Policemen using tear gas against civilians on August 14/ Wikipedia photo by Loavesofbread

Meet me in St. Louie: Trying to understand Ferguson

Policemen using tear gas against civilians on August 14/ Wikipedia photo by Loavesofbread
Policemen using tear gas against civilians on August 14/ Wikipedia photo by Loavesofbread

Toasted ravioli. Ted Drew’s frozen custard. Clydesdales. Intense (and I am not kidding) humidity that makes you feel like you are swimming through summer air. Riverboat history and Mark Twain.

I grew up in a suburb of the city that is all over the news. My hometown of Ballwin is about 30 minutes away from Ferguson, another suburb of St. Louis. I love my home city, its quirks and its baseball team (go Cards!). But I do not love the way it is carved up into bubbles of privilege and poverty, so often around racial lines. And I am grieving the way it is becoming known for this in these days of turmoil and lament.


Forest Park. A first-rate art museum and zoo. School cancellations on just the prediction of snow. Cicadas and fireflies.


Wendell Berry orders us to think locally and act locally. As we all tune in to try and understand the events in Ferguson, I wonder if he would direct our gaze differently. “Meet me in St. Louie” we would sing. Maybe if our hearts break for the family of Michael Brown and if we seek a better future, we should ask questions about our own communities. What is the wider, older story about the land we live on now?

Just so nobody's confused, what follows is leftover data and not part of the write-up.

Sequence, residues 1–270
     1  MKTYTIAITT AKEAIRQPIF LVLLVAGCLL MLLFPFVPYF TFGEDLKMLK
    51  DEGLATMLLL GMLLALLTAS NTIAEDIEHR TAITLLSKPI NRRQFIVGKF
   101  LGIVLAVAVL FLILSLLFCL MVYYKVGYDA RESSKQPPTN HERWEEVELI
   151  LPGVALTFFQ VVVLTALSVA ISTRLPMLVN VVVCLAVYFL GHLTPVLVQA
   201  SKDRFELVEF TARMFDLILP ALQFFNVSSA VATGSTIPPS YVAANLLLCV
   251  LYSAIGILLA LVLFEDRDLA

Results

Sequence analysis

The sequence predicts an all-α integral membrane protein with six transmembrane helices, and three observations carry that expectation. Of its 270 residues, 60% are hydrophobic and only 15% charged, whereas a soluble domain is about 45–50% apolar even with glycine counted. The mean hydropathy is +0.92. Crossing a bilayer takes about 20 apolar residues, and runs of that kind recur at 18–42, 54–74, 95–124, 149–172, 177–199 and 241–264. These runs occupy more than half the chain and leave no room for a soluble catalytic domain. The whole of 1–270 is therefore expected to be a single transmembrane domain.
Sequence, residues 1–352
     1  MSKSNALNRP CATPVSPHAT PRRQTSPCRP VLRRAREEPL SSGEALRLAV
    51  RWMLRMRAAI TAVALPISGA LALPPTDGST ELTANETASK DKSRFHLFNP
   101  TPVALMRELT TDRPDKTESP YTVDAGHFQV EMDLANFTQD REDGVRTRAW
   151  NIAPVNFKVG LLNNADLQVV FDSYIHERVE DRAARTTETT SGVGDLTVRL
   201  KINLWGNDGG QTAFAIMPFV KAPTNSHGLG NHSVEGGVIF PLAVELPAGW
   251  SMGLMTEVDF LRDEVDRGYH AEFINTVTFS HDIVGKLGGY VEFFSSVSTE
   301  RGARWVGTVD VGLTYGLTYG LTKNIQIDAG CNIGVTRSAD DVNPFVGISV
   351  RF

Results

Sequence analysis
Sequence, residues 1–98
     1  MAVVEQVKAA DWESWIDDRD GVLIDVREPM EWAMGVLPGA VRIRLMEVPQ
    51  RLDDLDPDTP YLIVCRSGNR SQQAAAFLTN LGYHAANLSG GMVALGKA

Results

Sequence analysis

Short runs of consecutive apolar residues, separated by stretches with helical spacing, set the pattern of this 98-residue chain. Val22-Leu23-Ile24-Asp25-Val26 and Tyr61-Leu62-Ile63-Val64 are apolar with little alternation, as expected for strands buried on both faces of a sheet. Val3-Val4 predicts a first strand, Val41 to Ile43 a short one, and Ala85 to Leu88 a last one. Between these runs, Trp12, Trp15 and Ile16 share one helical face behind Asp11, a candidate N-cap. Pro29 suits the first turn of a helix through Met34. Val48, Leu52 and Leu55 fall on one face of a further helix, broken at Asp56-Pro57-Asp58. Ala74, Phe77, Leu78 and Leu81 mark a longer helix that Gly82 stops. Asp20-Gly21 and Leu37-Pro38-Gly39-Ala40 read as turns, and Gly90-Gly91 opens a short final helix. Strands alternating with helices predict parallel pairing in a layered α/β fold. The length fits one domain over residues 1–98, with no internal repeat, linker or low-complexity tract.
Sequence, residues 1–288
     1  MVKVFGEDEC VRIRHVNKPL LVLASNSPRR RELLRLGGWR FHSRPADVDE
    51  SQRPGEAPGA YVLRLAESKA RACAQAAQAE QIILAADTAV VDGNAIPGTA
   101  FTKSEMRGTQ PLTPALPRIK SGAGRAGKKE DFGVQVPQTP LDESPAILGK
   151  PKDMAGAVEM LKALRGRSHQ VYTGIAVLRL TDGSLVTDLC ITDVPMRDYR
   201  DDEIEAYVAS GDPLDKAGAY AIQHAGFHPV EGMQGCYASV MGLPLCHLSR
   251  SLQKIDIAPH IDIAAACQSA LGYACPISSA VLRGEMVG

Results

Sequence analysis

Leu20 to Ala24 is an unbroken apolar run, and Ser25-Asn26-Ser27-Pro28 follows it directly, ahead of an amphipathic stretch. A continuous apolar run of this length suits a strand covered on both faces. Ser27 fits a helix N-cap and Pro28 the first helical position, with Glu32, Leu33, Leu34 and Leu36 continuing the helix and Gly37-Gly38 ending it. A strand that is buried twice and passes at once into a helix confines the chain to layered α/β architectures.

Here I am in Spokane, Wash. Ponderosa pines that reach to the sky. A minor league team with jerseys in Salish. Pockets of wealth and poverty, and a downtown torn between welcoming everyone and guarding privilege. A river and falls that take my breath away every spring.


What conversations are happening here in Spokane about race? What needs to be talked about? What would it take for us to change the terrible statistic that one in three black men face incarceration?


I believe that we have what we need to prevent violence in our hometowns. We have the mouths to speak, to lament and confess our fears. We have the hearts to care and the minds to dream a different way of being. We have the bravery to change policy and counter oppression. As we grieve Ferguson, our work begins right here where we are.
Meet me in Spokane.

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Cara Strickland

I’ll meet you here. Thank you, Liv, for these words.

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